An excellent question from the web:
“Since we don’t all “work” our dogs enough to let them fully express their natural prey instincts – we don’t all have access to sheep for herding, wild fowl for hunting, or decoys for biting), pet owners of dogs with high prey drives can really have a hard time dealing with it on a daily basis – imagine your dog going nuts on the leash whirling, spinning, vocalizing every time he sees or hears something he thinks is a prey animal and not being able to come back down to earth for another 20 minutes even after that thing is long gone!. These dogs can be very easy work with if you can focus their instincts on a toy that you control – they can be the most enthusiastic and eager to please. No difficulty in motivating these dogs! But it can also be difficult when other things that you can’t control, trigger their prey instincts at inopportune moments!”
This question is understandable from the perspective of behavioral science because if something like a “fixed action pattern” is being “reinforced” won’t it become stronger and more of a feature of the dog’s orientation? Isn’t my dog going to become more and more maniacal about incidental prey, deer, squirrels, etc. that we run across on walks or in the yard if I’m encouraging it to bite things? Revealingly, we can see in the current state of dogdom that the exact opposite is the case. Millions of owners have been successfully educated by behavioral science that they should discourage their dog’s oral urges and prey instinct in order to maximize its domesticated nature. The modern dog owner is now far more worried about teaching their dog not to bite than were previous generations of owners when it was more commonly accepted that not all dogs were friendly or should be expected to be friendly. How often do you hear the expression that’s a “one man dog” these days? The idea that one should teach a dog not-to-bite is seemingly buttressed by the theory of domestication that dogs are denatured from their wild heritage in that they are descended from scavengers that came in from the cold of the village dump, and are now so thoroughly adapted to human culture that their nature is fundamentally different from proto-dog or ancestral wolf. But the paradox has now become that currently there is so much aggression and hyper-reactivity in dogs precisely because their prey-making hardware/software was either, under-exercised or was actively repressed, distracted, and desensitized.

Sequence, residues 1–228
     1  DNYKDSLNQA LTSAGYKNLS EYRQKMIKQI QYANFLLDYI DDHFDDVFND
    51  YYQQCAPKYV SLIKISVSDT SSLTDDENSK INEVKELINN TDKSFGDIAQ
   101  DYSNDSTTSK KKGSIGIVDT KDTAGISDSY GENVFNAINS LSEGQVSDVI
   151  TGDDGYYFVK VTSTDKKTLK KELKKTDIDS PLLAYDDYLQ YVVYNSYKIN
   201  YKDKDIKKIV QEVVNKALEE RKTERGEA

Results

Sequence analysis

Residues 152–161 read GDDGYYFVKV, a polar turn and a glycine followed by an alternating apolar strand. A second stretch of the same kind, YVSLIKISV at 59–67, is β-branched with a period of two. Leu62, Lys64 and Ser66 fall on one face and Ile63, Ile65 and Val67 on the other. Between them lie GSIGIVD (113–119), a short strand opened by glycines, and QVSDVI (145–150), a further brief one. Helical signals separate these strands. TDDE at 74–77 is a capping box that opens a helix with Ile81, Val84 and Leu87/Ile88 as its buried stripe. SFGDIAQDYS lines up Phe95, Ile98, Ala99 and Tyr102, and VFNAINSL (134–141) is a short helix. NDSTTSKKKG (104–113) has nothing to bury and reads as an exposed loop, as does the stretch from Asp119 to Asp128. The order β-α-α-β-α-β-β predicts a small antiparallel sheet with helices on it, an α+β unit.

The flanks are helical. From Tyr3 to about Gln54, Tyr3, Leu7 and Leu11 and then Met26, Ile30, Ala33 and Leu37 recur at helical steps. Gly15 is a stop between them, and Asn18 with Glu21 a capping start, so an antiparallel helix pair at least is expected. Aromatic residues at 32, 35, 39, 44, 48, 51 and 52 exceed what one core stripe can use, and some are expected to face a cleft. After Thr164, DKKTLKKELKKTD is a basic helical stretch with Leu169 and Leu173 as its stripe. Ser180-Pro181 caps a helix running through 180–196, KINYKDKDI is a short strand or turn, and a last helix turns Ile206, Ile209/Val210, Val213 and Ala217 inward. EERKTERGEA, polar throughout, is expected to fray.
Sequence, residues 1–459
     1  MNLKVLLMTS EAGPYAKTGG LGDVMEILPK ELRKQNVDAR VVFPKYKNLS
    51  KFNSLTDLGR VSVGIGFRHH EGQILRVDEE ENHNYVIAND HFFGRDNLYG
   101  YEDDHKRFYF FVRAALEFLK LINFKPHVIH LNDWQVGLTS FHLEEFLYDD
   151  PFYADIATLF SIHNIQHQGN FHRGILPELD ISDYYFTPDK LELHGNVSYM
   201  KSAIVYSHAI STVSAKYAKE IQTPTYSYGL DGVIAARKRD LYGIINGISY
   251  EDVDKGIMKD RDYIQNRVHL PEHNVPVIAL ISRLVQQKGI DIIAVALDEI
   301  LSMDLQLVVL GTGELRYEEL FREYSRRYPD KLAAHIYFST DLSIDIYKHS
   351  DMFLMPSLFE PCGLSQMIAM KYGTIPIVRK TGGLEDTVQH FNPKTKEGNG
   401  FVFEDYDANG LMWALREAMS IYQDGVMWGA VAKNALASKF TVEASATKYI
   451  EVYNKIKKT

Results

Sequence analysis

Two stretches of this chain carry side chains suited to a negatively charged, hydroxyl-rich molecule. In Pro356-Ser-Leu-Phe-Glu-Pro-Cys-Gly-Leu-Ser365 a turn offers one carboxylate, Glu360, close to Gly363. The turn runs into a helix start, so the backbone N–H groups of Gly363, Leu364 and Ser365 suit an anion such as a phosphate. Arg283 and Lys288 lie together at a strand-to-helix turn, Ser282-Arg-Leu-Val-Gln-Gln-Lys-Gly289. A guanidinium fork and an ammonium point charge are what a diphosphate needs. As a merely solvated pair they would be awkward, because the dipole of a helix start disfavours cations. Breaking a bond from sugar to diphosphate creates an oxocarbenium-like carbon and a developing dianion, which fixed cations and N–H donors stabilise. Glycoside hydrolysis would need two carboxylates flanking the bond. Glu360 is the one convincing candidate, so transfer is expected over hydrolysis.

To understand this we need to make a distinction between prey instincts and prey DRIVE. Prey instinct is a fixed action pattern that elicits a hardwired string of reflexes. Drive on the other hand is a state of emotional suspension that is attuned to the energetic parameters of the moment, and can smoothly select from a repertoire of reflexes that FEEL most suitable to the context. Therefore, PREY DRIVE DOESN’T EXCITE PREY INSTINCT, IT CALMS IT.
Being In-Drive is the capacity to feel potential energy and the strength of this feeling enables a dog to self-modify and even limit its actions in order to maintain that state of suspension. Instinct is a sheer downloading, relief-seeking from a build up of tension state of experience. And a feeling of potential energy (rather than any kind of cognitive understanding) allows a dog to hold itself back without building up an emotional charge, in other words, actually feeling rewarded by doing nothing or working to attune itself to its owner if that is called for. An instinct is the collapse of an animal’s emotional capacity into a species-specific repertoire of reflexes whereas when a dog is in drive its feeling of potential energy is the strongest part of its awareness and its feeling of being in suspension with its owner, is its reward so that therefore the incidental prey animal IS NOT potential energy. An owner does not need sheep or birds or anything natural to induce a state of suspension with a dog. They just need to become a complex object of resistance that the dog can overcome by tuning in and attuning to.
So by encouraging a dog’s drive, and since NDT says all drive is related to the hunt/prey, it therefore lowers the dog’s threshold of excitation toward its owner while simultaneously raising the dog’s excitation toward an actual prey animal that hasn’t become integrated as part of the drive expression. Amazingly, the dog becomes more excited by the fake prey as offered by its owner than the real prey that might be encountered naturally. Drive in service to the hunt is emotional alchemy.